I think that it fits the published rules appropriately, and I haven't seen an errata entry suggesting otherwise.
There is no fundamental, explicit limitation on how far any character can see under ideal conditions. There are implicit limitations, such as one suggested by the Barbarian class' level 6 feature Aspect of the Beast (Eagle totem variety) which allows a character to see up to one mile away as though it were no more than 100 feet away. This suggests that typical characters' visual ability is not good enough to allow them to see so far or well.
With regard to lighting, darkness creates a heavily obscured area, and heavily obscured areas block vision entirely. It doesn't matter how far the darkness extends because darkness blocks all vision anyhow. Nearsighted people, farsighted people, and sharpshooters all see equivalently in pitch darkness, which is to say "not at all".
This is what Darkvision overcomes: darkness no longer creates heavily obscured areas (for the creature with that trait). Darkness never blocks your vision, because you can see without the benefit of illumination. But you are still presumably limited by your visual ability in general; 5e just doesn't simulate that range. Most characters with Darkvision can see as far as the DM feels is appropriate. A Barbarian with Darkvision and Aspect of the Beast (Eagle totem) could presumably see things a mile away even in pitch darkness.
So as far as they can see in darkness, they have a chance to perceive things visually (albeit with Disadvantage)-- it still counts as lightly obscured for them. Dim light, in turn, goes from lightly obscured to not obscured at all for them. This seems consistent, as it is the obscuring nature of dim lighting and darkness that blocks vision for most. With Darkvision every mundane darkness is effectively at least a little bit illuminated for you.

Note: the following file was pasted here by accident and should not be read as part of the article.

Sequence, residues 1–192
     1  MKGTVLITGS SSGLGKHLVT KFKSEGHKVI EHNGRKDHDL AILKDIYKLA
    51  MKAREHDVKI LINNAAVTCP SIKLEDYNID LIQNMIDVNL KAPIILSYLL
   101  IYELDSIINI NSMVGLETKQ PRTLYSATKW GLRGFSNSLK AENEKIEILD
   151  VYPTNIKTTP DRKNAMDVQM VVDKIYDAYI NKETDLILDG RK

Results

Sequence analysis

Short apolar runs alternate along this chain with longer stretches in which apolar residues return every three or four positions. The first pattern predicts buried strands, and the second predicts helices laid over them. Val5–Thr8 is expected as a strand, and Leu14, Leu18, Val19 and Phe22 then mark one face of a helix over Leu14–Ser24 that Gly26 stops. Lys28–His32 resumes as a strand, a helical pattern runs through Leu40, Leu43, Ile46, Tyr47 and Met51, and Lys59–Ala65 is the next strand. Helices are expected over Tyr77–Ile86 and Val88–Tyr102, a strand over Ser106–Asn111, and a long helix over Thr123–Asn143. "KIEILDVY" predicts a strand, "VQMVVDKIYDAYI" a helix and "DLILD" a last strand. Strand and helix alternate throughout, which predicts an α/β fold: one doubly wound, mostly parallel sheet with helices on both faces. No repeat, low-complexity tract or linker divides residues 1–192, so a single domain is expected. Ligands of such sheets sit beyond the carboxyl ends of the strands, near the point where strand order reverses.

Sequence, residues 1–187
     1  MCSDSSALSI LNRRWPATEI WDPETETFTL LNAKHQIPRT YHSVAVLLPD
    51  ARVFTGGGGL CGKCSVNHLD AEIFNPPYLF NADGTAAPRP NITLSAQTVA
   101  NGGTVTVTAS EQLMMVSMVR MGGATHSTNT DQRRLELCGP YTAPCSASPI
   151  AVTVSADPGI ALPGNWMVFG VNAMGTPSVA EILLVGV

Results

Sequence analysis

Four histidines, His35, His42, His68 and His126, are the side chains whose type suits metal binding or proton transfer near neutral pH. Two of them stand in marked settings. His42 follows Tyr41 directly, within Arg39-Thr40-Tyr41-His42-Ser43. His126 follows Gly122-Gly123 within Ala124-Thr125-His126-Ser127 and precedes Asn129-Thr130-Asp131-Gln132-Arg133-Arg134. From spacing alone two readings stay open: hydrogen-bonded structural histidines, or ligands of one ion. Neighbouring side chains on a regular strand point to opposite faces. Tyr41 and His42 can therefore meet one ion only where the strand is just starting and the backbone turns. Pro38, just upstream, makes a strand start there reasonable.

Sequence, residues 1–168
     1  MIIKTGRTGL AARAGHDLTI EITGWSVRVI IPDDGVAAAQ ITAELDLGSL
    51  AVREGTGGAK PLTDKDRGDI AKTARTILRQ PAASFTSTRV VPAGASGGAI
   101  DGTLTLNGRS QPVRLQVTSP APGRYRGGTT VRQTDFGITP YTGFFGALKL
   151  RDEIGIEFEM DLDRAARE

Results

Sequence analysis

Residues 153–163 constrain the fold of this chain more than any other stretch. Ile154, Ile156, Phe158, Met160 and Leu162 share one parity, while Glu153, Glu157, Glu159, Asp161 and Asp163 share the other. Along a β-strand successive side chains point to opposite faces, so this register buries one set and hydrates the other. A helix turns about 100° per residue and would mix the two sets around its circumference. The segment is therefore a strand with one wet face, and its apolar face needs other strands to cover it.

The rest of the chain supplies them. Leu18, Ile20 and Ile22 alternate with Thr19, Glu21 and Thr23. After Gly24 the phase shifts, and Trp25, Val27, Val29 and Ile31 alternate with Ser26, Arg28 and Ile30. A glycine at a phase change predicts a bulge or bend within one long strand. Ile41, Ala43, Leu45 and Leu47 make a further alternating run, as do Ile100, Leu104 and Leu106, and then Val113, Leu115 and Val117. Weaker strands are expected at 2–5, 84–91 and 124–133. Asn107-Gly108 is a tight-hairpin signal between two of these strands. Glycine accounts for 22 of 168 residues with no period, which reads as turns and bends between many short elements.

It's always questionable to apply reality to ambiguities in D&D rules, but the real-world mechanics of vision absolutely require some light to bounce off of something and into an observer's eye. Light from a single source eventually fades to darkness at some distance. Darkvision, by allowing sight in total mundane darkness at all, doesn't have such a limitation. If darkness (and its accompanying heavy obscurity) doesn't totally prevent vision within 60 feet, I don't have a good sense of why it would (non-arbitrarily) prevent vision at 120 feet. There certainly isn't a defined mechanism for it.
So why the distance limitation on dim lighting? I can only speculate. It could be that, because that darkness is the lack of illumination and dim lighting is a limited amount of illumination, dim lighting can only illuminate darkness to a certain distance. Darkness may continue indefinitely, but lighting from a single source cannot.
I don't find that totally satisfying, but as far as I can tell in officially published material there is nothing that delineates ability to see from one patch of darkness to some other patch of darkness.